Over the past few decades, soda has become a staple of the American diet. Every restaurant offers a variety of flavors, vending machines are standard in the lunch rooms of office buildings and schools, and every convenience store sells soda by the bucket-sized cup. In fact, it’s hard to grab a quick meal without a soda being added as part of the price.
What most people don’t consider as they crack open a can of their favorite sweetened beverage is that this daily habit could be wreaking havoc on their health.
Drinking beverages such as regular soda, sports drinks, energy drinks, juices and sweetened teas and coffee drinks could mean consuming anywhere between 90 to over 500 calories in simple sugars. Unlike more complex dietary carbohydrates found in fruits and vegetables, simple sugars are metabolized quickly and stimulate the production of insulin.
The continued production of high levels of insulin can lead to weight gain and obesity, which is linked to numerous medical problems including heart disease, diabetes, degenerative joint disease, asthma, fatty liver disease and reproductive cancers.
Weight gain may not be the only hazard associated with drinking soda or sugary beverages daily. Recent studies have found that these drinks may have an impact on heart health. Researchers at the Harvard School of Public Health found that drinking just one sugary beverage per day may increase the risk for heart disease in men by 20 percent.
“Sugary drinks can do a lot of damage to your health. And there is one group that drinking soda is becoming an increasing problem for: kids,” says Dr. Fujioka. “The number of kids that are becoming obese has increased dramatically over the past two decades and one of the biggest changes to their diet has been the amount of soda that they drink.”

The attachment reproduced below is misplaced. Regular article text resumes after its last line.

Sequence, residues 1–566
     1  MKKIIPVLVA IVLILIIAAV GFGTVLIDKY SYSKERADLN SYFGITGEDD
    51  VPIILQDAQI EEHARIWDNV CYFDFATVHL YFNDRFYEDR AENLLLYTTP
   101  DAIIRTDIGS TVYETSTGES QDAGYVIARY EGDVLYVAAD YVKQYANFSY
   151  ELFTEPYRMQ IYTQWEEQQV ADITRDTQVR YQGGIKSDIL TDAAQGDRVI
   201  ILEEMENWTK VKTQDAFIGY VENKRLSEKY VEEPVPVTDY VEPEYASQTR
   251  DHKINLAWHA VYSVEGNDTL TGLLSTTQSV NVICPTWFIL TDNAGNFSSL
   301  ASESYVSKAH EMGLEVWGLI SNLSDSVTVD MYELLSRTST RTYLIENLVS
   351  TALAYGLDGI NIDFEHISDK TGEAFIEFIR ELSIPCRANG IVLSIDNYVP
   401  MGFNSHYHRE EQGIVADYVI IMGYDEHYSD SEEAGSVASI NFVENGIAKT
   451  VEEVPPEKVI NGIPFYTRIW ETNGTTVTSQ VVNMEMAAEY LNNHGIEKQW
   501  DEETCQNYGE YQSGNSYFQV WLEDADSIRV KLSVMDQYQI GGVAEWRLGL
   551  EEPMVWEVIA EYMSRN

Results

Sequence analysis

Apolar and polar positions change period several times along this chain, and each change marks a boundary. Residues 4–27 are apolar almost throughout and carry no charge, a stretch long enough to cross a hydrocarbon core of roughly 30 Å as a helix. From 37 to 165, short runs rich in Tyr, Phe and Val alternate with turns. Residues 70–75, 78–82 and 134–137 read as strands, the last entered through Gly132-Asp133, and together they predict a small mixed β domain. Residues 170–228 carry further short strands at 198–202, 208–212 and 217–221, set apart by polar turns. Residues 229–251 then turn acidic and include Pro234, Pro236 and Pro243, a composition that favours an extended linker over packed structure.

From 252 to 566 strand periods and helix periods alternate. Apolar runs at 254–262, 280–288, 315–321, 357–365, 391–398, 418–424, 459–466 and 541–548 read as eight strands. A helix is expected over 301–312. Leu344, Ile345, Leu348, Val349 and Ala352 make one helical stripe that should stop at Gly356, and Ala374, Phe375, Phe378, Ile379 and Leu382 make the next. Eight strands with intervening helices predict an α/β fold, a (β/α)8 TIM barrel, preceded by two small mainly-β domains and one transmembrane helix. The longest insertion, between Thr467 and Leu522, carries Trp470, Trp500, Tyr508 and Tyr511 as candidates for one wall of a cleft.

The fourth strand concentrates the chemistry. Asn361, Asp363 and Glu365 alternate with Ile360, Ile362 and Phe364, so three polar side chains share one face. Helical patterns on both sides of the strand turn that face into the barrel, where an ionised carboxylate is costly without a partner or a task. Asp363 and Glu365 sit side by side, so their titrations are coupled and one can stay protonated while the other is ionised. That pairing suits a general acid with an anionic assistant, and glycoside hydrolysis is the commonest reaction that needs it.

Today, approximately 12.5 million American children are classified as obese. A report from the Centers of Disease Control noted that almost 25 percent of high school students drank a serving of soda at least once per day and 15 percent drank two or more per day. The study also found that as many as 62 percent of high school students drink some type of sugar-sweetened beverage at least once per day.
“Parents may need to deny their kids soda sometimes,” says Dr. Fujioka. “They should make sure it’s truly a treat, not an everyday thing.”
For many people, that daily soda is part of their routine and not having one every day may be difficult.
“People need to be aware how much sugar is in what they drink as well as what they eat,” notes Dr. Fujioka. “If they are getting more than 25 calories per serving, then it’s too high in sugar.”
Checking the label for serving sizes is also important since many containers contain two or more servings per bottle or can.
Water and low-fat or non-fat milk are both healthy ways to stay hydrated. For people who love the fizziness of soda, mineral water can be a good alternative. However, Dr. Fujioka doesn’t recommend switching to regular juice, since the high sugar content requires a lot of insulin to metabolize, just like soda. Juice without added sugars, watered down to a quarter of the strength, may help with the sugary drink cravings without being too high in calories.
“The best way for someone to get sugar is in fruit,” adds Dr. Fujioka. “People shouldn’t juice it though, they should just eat it. In that form, it’s a very safe and healthy thing to have.”